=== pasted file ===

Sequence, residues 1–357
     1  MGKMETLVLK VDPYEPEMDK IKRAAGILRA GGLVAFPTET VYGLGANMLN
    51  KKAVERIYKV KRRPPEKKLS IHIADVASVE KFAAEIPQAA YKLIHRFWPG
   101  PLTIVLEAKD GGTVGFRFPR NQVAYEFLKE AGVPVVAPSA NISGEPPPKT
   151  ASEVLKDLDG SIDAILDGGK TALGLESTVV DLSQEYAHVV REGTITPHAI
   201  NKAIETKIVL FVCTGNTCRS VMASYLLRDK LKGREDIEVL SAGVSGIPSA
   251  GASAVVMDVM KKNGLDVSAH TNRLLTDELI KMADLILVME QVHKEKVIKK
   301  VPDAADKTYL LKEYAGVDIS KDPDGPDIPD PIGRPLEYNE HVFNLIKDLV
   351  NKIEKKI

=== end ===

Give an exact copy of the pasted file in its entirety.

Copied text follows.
Sequence, residues 1–357
     1  MGKMETLVLK VDPYEPEMDK IKRAAGILRA GGLVAFPTET VYGLGANMLN
    51  KKAVERIYKV KRRPPEKKLS IHIADVASVE KFAAEIPQAA YKLIHRFWPG
   101  PLTIVLEAKD GGTVGFRFPR NQVAYEFLKE AGVPVVAPSA NISGEPPPKT
   151  ASEVLKDLDG SIDAILDGGK TALGLESTVV DLSQEYAHVV REGTITPHAI
   201  NKAIETKIVL FVCTGNTCRS VMASYLLRDK LKGREDIEVL SAGVSGIPSA
   251  GASAVVMDVM KKNGLDVSAH TNRLLTDELI KMADLILVME QVHKEKVIKK
   301  VPDAADKTYL LKEYAGVDIS KDPDGPDIPD PIGRPLEYNE HVFNLIKDLV
   351  NKIEKKI